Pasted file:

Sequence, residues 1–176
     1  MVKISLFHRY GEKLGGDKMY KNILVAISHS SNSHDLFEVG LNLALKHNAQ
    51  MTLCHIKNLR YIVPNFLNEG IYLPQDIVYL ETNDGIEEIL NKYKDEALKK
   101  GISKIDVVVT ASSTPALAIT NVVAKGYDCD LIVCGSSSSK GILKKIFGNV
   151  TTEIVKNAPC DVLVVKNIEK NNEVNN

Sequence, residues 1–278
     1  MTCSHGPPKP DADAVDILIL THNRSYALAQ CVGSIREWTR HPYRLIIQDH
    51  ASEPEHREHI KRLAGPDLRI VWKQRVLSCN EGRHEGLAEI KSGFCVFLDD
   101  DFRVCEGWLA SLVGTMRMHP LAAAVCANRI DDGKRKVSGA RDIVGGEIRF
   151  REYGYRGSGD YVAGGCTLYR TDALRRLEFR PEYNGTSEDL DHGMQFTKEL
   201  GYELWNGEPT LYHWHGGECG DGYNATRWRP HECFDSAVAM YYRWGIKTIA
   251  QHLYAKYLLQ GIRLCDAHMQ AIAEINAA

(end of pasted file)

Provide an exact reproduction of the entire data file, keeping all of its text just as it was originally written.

Sequence, residues 1–176
     1  MVKISLFHRY GEKLGGDKMY KNILVAISHS SNSHDLFEVG LNLALKHNAQ
    51  MTLCHIKNLR YIVPNFLNEG IYLPQDIVYL ETNDGIEEIL NKYKDEALKK
   101  GISKIDVVVT ASSTPALAIT NVVAKGYDCD LIVCGSSSSK GILKKIFGNV
   151  TTEIVKNAPC DVLVVKNIEK NNEVNN

Sequence, residues 1–278
     1  MTCSHGPPKP DADAVDILIL THNRSYALAQ CVGSIREWTR HPYRLIIQDH
    51  ASEPEHREHI KRLAGPDLRI VWKQRVLSCN EGRHEGLAEI KSGFCVFLDD
   101  DFRVCEGWLA SLVGTMRMHP LAAAVCANRI DDGKRKVSGA RDIVGGEIRF
   151  REYGYRGSGD YVAGGCTLYR TDALRRLEFR PEYNGTSEDL DHGMQFTKEL
   201  GYELWNGEPT LYHWHGGECG DGYNATRWRP HECFDSAVAM YYRWGIKTIA
   251  QHLYAKYLLQ GIRLCDAHMQ AIAEINAA